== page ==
[Beowulf] Performance characterising a HPC application

Patrick Geoffray patrick at myri.com
Thu Mar 22 04:43:12 PDT 2007

Greg Lindahl wrote:
> On Wed, Mar 21, 2007 at 06:41:07AM -0400, Scott Atchley wrote:
>> I have not benchmarked any applications that need more than 250 MB/s  
>> during computation,
> There is a large class of computations which alternate non-overlapped
> compute and communicate cycles. The average over the lifetime of the
> process can be ~ 100 MB/s, but that could easily mean it is sending
> at 1 GByte/s for 10% of the runtime. If you slow down communications
> by a factor of 4, the app will run a lot slower.

In codes that alternate computation and communication (naive but most 
common design), the communication phase is usually much smaller that the 
computation, unless the problem is imbalanced or too small. In my 
experience, 10% of the runtime is realistic, but at 250 MB/s. So, when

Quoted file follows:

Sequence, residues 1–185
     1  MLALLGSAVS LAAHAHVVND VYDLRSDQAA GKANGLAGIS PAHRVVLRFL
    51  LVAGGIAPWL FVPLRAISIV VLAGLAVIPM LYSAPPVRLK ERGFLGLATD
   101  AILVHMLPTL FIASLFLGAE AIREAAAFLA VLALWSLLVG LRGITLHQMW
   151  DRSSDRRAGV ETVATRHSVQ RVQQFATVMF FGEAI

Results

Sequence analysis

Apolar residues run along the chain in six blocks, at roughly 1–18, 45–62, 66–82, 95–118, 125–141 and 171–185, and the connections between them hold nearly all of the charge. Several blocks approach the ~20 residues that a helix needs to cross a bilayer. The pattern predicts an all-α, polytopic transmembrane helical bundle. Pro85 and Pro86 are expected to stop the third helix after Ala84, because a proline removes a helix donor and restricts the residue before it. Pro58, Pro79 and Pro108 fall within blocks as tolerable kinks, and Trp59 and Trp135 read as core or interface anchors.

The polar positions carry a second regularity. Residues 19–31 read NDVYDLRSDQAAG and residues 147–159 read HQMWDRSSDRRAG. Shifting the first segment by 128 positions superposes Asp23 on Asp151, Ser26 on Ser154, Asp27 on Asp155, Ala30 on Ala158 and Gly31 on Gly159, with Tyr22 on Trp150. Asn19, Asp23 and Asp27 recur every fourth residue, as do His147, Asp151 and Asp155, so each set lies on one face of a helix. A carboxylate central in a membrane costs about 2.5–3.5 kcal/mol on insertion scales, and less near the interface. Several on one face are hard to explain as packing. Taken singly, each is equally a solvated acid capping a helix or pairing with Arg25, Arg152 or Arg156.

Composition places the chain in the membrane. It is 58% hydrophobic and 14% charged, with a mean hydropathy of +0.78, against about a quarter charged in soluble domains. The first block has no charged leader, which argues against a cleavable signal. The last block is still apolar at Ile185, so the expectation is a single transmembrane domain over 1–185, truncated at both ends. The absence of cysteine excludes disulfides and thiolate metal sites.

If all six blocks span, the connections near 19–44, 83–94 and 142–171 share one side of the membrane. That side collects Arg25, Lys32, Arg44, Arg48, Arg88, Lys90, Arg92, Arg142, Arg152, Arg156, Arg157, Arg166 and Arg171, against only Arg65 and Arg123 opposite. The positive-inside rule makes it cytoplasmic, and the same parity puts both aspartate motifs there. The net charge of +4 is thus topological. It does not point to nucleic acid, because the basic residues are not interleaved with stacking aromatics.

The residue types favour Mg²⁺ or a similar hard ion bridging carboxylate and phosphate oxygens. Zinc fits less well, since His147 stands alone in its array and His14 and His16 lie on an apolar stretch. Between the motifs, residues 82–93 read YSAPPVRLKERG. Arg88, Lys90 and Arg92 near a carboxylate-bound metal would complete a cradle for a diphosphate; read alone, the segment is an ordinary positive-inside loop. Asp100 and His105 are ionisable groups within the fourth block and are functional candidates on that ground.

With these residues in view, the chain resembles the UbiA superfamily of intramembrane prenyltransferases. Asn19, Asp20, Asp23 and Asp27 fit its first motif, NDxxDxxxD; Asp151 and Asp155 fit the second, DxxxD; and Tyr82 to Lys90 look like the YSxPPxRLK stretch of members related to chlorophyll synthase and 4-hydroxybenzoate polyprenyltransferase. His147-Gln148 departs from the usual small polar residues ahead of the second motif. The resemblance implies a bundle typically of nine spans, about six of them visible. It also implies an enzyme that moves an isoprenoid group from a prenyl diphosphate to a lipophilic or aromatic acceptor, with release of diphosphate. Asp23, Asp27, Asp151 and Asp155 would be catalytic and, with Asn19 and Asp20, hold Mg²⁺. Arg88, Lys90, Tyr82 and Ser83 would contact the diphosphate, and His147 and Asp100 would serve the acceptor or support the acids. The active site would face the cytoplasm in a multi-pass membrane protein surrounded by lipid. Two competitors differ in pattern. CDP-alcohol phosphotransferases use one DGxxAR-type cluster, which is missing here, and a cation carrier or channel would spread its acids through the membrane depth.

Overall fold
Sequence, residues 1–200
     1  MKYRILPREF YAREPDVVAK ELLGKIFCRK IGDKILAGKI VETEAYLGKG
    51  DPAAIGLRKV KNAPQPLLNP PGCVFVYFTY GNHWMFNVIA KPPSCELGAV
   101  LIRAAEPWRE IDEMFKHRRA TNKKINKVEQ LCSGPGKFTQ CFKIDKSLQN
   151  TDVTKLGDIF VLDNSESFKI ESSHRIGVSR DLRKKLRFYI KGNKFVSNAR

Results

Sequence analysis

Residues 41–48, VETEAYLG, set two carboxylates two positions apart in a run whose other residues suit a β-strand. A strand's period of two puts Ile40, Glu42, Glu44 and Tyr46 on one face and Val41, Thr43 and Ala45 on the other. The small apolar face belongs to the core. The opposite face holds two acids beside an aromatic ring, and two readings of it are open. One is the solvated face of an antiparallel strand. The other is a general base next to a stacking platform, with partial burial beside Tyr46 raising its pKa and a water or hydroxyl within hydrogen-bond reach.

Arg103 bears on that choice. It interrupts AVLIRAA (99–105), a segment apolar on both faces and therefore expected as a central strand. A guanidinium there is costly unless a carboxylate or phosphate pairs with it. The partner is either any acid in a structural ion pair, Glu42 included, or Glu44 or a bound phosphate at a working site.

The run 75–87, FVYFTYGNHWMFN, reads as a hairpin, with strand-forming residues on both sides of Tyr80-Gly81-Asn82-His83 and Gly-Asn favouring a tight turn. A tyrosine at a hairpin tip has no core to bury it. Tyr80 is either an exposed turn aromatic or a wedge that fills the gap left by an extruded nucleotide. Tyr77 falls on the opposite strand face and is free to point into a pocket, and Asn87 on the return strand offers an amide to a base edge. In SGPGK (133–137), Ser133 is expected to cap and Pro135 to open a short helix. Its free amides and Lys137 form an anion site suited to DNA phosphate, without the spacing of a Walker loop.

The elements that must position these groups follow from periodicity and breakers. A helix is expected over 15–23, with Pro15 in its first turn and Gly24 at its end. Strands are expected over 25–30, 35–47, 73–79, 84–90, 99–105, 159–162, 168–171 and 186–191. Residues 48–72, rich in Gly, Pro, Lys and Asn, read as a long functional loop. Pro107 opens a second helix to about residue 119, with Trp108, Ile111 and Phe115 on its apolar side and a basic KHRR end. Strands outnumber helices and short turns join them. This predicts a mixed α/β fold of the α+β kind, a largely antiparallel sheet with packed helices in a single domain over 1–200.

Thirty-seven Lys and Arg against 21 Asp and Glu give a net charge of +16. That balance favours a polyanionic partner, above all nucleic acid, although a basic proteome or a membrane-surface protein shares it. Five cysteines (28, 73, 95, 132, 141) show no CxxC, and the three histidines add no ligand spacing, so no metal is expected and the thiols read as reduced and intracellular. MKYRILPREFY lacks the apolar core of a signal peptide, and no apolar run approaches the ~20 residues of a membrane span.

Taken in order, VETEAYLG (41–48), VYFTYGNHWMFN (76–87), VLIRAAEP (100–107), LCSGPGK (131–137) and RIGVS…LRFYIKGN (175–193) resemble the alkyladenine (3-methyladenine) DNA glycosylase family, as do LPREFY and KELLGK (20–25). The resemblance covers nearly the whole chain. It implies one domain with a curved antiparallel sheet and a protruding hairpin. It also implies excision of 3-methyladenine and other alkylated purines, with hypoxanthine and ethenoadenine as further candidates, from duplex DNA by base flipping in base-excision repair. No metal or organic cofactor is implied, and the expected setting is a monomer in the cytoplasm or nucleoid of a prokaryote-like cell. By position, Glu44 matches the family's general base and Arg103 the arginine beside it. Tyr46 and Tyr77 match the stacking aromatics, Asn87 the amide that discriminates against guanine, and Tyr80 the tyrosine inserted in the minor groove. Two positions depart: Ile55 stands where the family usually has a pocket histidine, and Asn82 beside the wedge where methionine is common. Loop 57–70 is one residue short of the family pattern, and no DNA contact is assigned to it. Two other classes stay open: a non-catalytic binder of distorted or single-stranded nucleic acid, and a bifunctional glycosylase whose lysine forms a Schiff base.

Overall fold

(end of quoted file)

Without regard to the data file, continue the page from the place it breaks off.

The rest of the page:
you bump the network to 1 GB/s, you only gain 7.5% of runtime. That's 
why 1G (GigE) is fine for a lot of cases, 2G is interesting for a subset 
and 10G for even less apps.

As everybody is communicating at the same time, you need to increase the 
network bandwidth when you increase the number of cores, to keep 
constant resources per core. However, these codes are often bounded by 
contention rather than bandwidth. The communication pattern is 
all-to-all or, worse, a careless hand-made exchange. Even with a clean 
all-to-all, slight imbalances easily create contention in the network 
(N->1 contention), and the backpressure flow-control propagates it 
everywhere as everybody is communicating at the same time. Bigger pipes 
helps contention a bit, but not much.

People doing their homework are still buying more 2G than 10G today, 
because of better price/performance for their codes (and thin cables).

Patrick Geoffray
Myricom, Inc.

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